* 1 sugar cube
* 5 dashes Peychaud’s bitters
* 2 ounces rye
* Herbsaint
* Lemon twist for garnish

Fill an old-fashioned or cocktail glass with ice and top with water. In a second old-fashioned glass, combine the sugar and bitters and muddle to dissolve the sugar. Add the rye and gently stir to combine the flavors. Discard the ice and water from the first glass and coat it with Herbsaint, draining the excess. Strain the rye mixture into this glass. Rub the rim with the lemon peel and drop into the glass.

The Sazerac is an old classic, and considered by some to be the first important cocktail. It was first served in New Orleans around 1860. In the early days it was made with Cognac, later replaced by rye whiskey, and originally used absinthe rather than Herbsaint. It’s gone through a number of permutations since the 1800s but still has a very old-fashioned flavor about it (no pun intended, despite the similarity to the drink of that name). Try using Cognac and absinthe for a more original version.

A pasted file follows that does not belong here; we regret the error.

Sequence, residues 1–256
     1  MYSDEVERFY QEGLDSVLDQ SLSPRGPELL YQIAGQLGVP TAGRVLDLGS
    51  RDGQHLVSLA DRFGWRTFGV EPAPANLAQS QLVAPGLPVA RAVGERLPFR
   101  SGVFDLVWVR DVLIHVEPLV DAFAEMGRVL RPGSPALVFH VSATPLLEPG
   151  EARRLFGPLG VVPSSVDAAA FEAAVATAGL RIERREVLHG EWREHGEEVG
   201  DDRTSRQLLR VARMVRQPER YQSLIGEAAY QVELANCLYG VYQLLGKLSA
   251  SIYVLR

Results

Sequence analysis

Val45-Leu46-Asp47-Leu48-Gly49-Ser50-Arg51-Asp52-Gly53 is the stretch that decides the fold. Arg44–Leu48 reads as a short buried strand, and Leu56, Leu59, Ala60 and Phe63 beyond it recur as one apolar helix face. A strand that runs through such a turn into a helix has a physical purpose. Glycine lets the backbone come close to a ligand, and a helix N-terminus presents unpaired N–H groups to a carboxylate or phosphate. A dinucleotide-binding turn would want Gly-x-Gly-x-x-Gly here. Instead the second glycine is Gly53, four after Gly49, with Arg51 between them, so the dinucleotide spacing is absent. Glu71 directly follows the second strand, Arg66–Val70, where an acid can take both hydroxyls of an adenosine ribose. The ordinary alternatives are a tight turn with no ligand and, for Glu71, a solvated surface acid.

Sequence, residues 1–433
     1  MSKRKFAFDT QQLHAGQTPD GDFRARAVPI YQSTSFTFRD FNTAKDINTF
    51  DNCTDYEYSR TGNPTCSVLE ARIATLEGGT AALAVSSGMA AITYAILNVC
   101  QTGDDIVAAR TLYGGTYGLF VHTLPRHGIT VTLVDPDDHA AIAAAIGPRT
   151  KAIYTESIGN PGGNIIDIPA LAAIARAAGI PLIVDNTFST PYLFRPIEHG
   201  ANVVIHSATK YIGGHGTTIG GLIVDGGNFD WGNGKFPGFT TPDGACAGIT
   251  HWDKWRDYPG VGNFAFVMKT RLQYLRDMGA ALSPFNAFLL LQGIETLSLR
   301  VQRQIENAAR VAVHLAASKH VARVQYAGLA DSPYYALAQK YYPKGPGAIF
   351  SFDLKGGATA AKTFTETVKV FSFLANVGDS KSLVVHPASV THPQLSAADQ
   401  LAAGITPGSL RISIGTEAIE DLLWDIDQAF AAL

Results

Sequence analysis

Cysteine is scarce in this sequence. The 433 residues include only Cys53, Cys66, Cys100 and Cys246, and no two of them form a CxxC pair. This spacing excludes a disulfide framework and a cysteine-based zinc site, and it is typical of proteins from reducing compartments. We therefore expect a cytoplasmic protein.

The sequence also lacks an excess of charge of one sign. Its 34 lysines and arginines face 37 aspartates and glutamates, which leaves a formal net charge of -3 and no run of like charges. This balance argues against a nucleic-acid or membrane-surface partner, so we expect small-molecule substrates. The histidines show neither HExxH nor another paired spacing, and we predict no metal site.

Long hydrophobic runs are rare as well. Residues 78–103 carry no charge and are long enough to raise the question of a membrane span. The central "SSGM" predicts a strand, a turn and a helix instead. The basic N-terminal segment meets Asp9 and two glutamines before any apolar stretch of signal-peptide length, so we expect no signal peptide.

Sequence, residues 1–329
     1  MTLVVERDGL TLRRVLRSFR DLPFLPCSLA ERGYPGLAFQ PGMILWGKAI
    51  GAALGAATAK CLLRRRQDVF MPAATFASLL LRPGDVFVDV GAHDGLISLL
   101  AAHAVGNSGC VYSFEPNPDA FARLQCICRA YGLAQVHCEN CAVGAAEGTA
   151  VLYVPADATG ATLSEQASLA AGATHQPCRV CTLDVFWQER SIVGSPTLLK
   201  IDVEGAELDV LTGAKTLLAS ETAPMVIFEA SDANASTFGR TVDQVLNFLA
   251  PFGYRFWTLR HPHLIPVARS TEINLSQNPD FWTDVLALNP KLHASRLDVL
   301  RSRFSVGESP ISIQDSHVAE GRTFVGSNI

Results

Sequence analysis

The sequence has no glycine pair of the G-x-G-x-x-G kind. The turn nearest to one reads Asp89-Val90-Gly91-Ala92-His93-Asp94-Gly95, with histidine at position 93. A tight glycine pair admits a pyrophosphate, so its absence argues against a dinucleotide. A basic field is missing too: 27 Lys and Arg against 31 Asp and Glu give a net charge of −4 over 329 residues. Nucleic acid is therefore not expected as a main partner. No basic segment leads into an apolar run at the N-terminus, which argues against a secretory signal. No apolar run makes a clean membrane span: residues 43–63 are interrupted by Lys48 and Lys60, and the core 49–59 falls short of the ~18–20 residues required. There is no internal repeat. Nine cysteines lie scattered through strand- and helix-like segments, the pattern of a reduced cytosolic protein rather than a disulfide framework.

The biggest surprise this version of the drink holds for the unfamiliar is that it’s sometimes served at room temperature rather than cold. The glass will be chilled but the cocktail itself is often not stirred with, or served over, ice. When nearly everything we drink these days is cold, this can be a little unexpected. Stir the rye and bitters mixture with ice before straining if you prefer it cold.

Recipe from The Art of the Bar.

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The Month in Cocktails: February, 2008

[…] we did classics. Starting out with the Waldorf, a rye-based Manhattan variant, and moving on to the Sazerac, which was first made around the 1860s. We wrapped up the month warming up with Irish […]